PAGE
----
Open House Red Flags You Must Address
Buying property is likely to be the biggest single investment you will ever make, therefore, great care should be taken when looking at potential properties, and open houses are opportunities a homebuyer should not miss as they can check the property out in a short amount of time.
A home’s selling points are being showcased to a large number of audience during an open house. Expect the property to be deep cleaned and upgraded, and take the opportunity to poke around, looking beyond what you saw in pictures online.
As a homebuyer, you have to know what exactly you are looking for in a home when being toured around the house for the first time. While being overwhelmed by the good things you see may distract you from some important details that could hint about looming bigger problems, an open house can be a time wherein you will find out that what might seem like a real bargain could easily turn into a financial nightmare, with unexpected costs that seem to appear from nowhere. With that in mind, here are a few red flags a smart buyer should look out for when purchasing real estate.
Poor Building Maintenance
If the property has not been well maintained over the years and given a surface renovation, this could become a very costly project. How does one know whether or not a property has been well-looked after? Tell-tale signs include lightbulbs that do not work, leaking faucets and peeling paint. If you are thinking of buying the property, it is always advisable to have the structure surveyed, which will tell you the condition of the property. If you seek out the help of established conveyancing lawyers, they can ensure that the property is, in fact, in good overall condition, as well as undertake title searches that might reveal certain restrictions.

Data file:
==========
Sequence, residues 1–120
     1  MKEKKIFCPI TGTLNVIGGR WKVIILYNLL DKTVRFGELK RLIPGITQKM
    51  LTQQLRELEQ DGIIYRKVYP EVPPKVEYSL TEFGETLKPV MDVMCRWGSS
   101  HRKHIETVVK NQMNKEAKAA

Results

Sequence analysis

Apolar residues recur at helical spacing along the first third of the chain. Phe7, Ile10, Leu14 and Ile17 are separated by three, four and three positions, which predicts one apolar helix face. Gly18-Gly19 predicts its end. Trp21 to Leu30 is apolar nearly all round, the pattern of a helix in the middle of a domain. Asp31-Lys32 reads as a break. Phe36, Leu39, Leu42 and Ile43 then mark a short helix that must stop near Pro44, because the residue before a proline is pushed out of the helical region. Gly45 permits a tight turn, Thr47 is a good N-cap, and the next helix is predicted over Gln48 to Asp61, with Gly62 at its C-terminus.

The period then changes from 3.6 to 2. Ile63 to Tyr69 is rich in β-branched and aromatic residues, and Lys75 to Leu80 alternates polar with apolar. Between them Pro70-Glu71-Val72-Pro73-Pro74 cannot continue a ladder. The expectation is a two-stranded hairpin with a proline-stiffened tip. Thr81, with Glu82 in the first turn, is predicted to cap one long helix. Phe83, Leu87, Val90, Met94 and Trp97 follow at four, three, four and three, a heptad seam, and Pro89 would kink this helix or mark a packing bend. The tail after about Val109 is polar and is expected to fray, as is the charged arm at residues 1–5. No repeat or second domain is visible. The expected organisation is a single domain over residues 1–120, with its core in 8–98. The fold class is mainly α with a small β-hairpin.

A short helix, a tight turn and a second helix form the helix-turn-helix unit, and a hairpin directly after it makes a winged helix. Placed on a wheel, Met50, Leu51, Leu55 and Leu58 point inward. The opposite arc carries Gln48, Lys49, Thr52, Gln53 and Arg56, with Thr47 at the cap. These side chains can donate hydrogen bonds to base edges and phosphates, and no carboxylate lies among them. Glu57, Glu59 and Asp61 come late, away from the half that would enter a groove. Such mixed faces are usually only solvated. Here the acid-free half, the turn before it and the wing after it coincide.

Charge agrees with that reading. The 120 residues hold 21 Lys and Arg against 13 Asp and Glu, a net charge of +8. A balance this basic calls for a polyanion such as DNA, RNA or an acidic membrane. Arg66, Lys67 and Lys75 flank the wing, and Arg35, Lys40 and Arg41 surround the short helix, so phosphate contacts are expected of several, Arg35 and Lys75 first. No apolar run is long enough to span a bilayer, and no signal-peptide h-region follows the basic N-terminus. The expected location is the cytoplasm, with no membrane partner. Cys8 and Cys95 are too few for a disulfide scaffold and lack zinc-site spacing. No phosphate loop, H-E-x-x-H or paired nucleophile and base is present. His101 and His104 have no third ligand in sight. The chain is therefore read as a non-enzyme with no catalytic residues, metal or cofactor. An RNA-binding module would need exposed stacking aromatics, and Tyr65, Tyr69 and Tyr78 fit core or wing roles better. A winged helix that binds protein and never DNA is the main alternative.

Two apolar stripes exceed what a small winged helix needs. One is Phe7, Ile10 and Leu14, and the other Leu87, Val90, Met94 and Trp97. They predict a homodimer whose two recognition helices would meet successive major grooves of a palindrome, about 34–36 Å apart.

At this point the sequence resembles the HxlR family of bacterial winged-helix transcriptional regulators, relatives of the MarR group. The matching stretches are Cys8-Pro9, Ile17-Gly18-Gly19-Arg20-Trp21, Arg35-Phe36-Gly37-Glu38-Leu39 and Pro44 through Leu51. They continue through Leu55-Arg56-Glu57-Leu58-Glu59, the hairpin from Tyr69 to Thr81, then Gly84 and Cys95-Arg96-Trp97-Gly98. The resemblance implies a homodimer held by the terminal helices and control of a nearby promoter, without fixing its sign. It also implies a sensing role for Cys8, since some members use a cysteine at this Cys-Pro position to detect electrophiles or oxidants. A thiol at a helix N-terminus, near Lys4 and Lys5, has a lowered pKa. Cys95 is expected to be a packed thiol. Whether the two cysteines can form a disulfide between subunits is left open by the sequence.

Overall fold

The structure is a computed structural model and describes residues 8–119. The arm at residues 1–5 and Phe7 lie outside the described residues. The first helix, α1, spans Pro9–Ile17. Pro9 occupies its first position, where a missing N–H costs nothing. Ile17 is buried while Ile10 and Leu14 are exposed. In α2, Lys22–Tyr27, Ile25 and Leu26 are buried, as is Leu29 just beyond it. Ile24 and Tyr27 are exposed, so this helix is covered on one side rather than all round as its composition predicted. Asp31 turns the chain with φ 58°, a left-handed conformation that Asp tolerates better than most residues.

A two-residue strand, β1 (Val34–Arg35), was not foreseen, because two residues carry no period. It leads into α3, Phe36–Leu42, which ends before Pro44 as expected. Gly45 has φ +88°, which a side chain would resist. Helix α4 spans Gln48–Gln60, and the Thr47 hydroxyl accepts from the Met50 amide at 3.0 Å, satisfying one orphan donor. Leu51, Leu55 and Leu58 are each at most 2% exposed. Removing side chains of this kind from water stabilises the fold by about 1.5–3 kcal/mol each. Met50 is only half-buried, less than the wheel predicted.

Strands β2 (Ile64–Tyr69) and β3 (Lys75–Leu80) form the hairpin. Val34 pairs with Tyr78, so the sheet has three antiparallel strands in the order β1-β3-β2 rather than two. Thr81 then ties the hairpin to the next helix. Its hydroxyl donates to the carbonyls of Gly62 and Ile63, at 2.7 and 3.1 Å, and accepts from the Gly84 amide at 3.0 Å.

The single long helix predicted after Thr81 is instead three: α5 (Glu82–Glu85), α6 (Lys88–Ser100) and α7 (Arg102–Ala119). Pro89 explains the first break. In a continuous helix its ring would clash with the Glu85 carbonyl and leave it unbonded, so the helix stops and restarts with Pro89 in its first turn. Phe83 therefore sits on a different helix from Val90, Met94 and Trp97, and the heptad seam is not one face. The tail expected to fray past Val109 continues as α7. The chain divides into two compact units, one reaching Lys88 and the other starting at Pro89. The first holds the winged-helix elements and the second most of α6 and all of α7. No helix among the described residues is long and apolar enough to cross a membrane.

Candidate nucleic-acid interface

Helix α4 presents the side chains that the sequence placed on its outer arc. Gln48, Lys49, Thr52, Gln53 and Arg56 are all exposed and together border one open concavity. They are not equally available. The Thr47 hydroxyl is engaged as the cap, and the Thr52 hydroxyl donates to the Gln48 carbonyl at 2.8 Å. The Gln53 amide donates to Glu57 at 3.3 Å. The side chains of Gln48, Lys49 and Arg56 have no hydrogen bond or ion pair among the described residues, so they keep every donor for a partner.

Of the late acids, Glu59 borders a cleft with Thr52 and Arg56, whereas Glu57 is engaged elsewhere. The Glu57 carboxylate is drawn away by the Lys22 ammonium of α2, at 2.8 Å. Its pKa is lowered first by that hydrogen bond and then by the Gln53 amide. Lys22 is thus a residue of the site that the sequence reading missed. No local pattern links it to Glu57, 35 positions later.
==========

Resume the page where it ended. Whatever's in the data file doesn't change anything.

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This can easily be covered up with some surface renovations, and while the building might look in a good condition, a closer look could reveal water damage. If you ask your conveyancing lawyer to have the building thoroughly inspected for water damage, then you can be rest assured that the structure is sound.
Any building can suddenly be affected by ground movement, which is why you should insist on a survey to ensure that the ground is solid. The risks are higher with new and very old properties, as a new home will still be in the process of settling, while an older property is prone to ground subsidence. There are informative articles available online that list the various types of ground movement.
Multiple Homes for Sale
If the area is experiencing issues, then many homeowners would have their house on the market. It could be pollution from a local factory, or perhaps noise pollution, and the only way to know about an underlying problem is if many houses are up for sale in that area. It is therefore important to know the owners’ reason for selling their property.
Off Limit Rooms
Sometimes the seller will tell you that a certain room is not available for viewing and they might cite a reason like it is being used as a storage room. If there are problems in a particular room, the seller might be less than truthful, so make sure that you get access to every room in the house before making any decisions.
If the seller wishes to move because of unsavoury neighbours, they will obviously try to keep this from any potential buyer. Once you have viewed the property, you should have a walk around the neighbourhood and should you spot any homeowners in the garden, strike up a conversation, mentioning that you are considering moving into the area. More often than not, the neighbour will share to you any issue they are facing with the seller or with the entire neighbourhood, if there are any.
One of the reasons to hire a good conveyancing solicitor is that they have the experience to know what to look for when assessing a property, and with your best interests at heart, they will make sure that there are no invisible issues and that the property is debt-free.
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A thorough inspection of the potential home should lead you to red flags. Knowing what you could be getting into allows you to weigh the pros, the cons as well as the costs of the issues you would be inheriting should you decide to acquire the property. It should be high on your priority list to ensure that the house meets safety regulations. Don’t treat being in an open house like walking through a museum. Be on the lookout for red flags and don’t ignore them just because the house looks gorgeous, or you will end up wasting your time on a house that will bring you problems instead of rest and refuge.